A history of science in the centuries before Copernicus, Galileo and Newton.
After the Visigoth sack of Rome in 410 and the subsequent burning of the great Library of Alexandria, the ancient Greco-Roman world descended into the darkness of the early Middle Ages, writes historian Freely (Physics/Bosphorous Univ.; Light From the East: How the Science of Medieval Islam Helped to Shape the Western World, 2011, etc.). Yet fragments of classical learning survived in the keeping of a handful of scholars in monasteries. In time, the monastic movement produced the first European scientists, whose work sparked the emergence of modern science. In this revealing but plodding account, Freely traces the transmission of ancient Greek philosophical and scientific works to the Islamic world, where scholars took the lead in science and passed their knowledge on to Europe. In thumbnail portraits, he describes the work of Ibn Sina, Gerard of Cremona and others who conveyed Arab science to the West. By 1500, Europe, with 80 universities, had undergone “a tremendous intellectual revival.” Freely charts the advance of that revival, with Albertus Magnus becoming the first to use the modern scientific method based on observation and experimentation, and Robert Grosseteste and Roger Bacon making full use of the experimental method. In an overview of subsequent, increasingly modern science, Freely describes work on the new science of motion by 14th-century Oxford scientists; Newton’s successful explanation of the rainbow in 1714; and the astronomical observations and calculations of Copernicus, which marked the onset of the scientific revolution.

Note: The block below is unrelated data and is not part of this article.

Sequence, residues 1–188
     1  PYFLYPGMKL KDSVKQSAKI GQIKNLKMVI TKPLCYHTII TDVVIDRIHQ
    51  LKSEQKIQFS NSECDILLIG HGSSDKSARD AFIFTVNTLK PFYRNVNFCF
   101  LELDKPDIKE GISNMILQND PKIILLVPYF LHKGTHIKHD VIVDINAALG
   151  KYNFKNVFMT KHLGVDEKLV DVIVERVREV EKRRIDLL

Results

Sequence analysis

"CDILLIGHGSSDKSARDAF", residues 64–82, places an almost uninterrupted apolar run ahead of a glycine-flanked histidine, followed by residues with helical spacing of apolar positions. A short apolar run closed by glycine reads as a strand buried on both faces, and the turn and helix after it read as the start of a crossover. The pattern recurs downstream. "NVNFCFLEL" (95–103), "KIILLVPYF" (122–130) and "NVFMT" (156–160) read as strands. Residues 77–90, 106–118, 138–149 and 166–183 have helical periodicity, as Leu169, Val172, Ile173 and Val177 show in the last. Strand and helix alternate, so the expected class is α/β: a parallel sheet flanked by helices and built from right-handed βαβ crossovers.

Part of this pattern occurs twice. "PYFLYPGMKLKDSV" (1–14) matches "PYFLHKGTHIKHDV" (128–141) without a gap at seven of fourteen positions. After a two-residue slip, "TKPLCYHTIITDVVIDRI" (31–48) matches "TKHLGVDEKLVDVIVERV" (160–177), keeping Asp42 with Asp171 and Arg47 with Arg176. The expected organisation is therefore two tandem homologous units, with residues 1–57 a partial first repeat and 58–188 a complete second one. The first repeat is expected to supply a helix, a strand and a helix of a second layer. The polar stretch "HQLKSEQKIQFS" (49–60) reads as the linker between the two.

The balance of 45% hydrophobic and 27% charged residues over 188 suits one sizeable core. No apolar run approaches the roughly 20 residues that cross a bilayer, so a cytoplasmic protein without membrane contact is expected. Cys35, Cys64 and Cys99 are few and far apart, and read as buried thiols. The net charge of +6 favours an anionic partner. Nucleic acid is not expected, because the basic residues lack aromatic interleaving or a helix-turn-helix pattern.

For specialists and students.